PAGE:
Late in October 1997, Comstock’s hosted a roundtable discussion on the future of McClellan Air Force Base, which was slated to be closed July 13, 2001. At that time, the entire business community was struggling with what to do about the upcoming base closure and its anticipated negative economic impact. There were many conversations, of course, but few ideas. Comstock’s decided to pull together a group of military, business, development and education leaders to brainstorm ways to turn the departure of the military into a win for the Capital Region.
Larry Kelley, the force behind the development of Stanford Ranch in Rocklin (one of the most successful planned communities in the United States), and a then-member of Comstock’s editorial board, almost didn’t attend the roundtable that morning, figuring he had no experience in redeveloping a military base. We pushed for his attendance the night before the breakfast discussion, and he reluctantly acquiesced.
Our December 1997 issue included the story about the roundtable discussion and its highlights. Kelley talked about the possibilities, saying: “Our plan should be to make the McClellan facility a model of redevelopment. To do this will require a private developer risking capital and being rewarded with profit. … McClellan, like Stanford Ranch or any other master-planned community, needs to be planned by one master developer. Regardless of your opinions of developers, they are the people in our community that are best at finding, marketing and creating the opportunities and uses for our land.”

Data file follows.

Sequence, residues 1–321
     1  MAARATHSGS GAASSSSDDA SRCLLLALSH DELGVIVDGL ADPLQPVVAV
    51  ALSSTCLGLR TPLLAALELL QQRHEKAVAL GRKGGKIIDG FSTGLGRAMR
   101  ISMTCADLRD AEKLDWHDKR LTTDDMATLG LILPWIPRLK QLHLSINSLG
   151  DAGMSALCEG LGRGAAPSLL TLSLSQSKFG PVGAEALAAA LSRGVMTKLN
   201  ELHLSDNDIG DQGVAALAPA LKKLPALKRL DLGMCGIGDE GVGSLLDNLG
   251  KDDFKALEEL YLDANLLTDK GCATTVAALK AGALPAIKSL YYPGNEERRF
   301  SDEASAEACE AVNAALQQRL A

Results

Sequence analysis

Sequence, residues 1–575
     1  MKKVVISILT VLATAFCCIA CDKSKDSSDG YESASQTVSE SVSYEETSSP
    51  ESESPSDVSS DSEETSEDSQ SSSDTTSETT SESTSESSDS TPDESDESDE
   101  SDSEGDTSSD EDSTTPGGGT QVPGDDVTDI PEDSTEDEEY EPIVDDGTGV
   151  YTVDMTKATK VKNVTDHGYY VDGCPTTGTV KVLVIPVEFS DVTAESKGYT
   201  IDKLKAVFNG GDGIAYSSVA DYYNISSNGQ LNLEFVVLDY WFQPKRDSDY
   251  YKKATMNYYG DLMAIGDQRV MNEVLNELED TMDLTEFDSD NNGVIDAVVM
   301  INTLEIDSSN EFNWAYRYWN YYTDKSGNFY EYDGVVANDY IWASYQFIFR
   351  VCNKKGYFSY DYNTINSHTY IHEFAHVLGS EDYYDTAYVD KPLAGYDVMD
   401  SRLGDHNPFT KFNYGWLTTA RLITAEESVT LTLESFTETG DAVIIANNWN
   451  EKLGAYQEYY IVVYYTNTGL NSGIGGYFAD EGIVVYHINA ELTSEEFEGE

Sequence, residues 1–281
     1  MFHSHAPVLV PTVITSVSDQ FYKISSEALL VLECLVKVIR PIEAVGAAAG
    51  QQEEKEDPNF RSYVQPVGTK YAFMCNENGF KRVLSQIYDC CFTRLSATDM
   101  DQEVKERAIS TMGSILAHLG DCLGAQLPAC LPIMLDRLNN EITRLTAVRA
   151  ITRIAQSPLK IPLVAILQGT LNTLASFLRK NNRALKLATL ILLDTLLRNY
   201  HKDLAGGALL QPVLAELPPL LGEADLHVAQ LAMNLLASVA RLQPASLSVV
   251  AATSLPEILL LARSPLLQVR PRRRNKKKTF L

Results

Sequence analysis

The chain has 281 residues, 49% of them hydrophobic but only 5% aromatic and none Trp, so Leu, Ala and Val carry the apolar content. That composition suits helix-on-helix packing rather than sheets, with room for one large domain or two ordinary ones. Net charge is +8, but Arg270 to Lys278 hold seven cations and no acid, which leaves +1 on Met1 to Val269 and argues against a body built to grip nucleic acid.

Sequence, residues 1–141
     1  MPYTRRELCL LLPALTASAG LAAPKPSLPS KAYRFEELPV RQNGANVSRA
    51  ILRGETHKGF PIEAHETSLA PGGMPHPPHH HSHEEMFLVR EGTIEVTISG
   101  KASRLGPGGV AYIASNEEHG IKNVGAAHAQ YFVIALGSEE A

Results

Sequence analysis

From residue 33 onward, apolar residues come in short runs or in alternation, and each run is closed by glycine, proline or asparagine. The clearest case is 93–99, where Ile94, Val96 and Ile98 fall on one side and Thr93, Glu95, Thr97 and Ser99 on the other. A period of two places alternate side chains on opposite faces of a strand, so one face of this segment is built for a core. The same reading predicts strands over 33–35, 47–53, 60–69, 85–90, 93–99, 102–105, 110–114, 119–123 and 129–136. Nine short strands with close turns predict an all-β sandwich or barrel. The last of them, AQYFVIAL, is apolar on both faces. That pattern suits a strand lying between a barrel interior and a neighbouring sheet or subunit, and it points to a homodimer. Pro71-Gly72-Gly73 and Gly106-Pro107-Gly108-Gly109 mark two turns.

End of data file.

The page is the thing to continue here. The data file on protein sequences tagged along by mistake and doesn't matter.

Two years later, a group headed by Kelley’s Stanford Ranch LLC was selected by Sacramento County to redevelop McClellan, and the county agreed to sell the 3,200-acre base for $118 million after finalizing its purchase from the military for $90 million. “I first started thinking about it at a Comstock’s magazine roundtable,” Kelley said in 1999. “I had been looking around for another project since Stanford Ranch is almost completely sold out and when the county decided that it wanted to sell to a developer/owner, rather than hire a management company, I got really serious. … This is probably one of the largest in-fill sites in the United States.”
When asked what he thought people would say about his work at McClellan 20 years later, Kelley said, “Hopefully, a mix of landscaping and architecture and the creation of a McClellan Park identity will make it a more aesthetically pleasing place to be and an attractive community where people enjoy going.”
We’re glad Kelley decided to attend that roundtable discussion.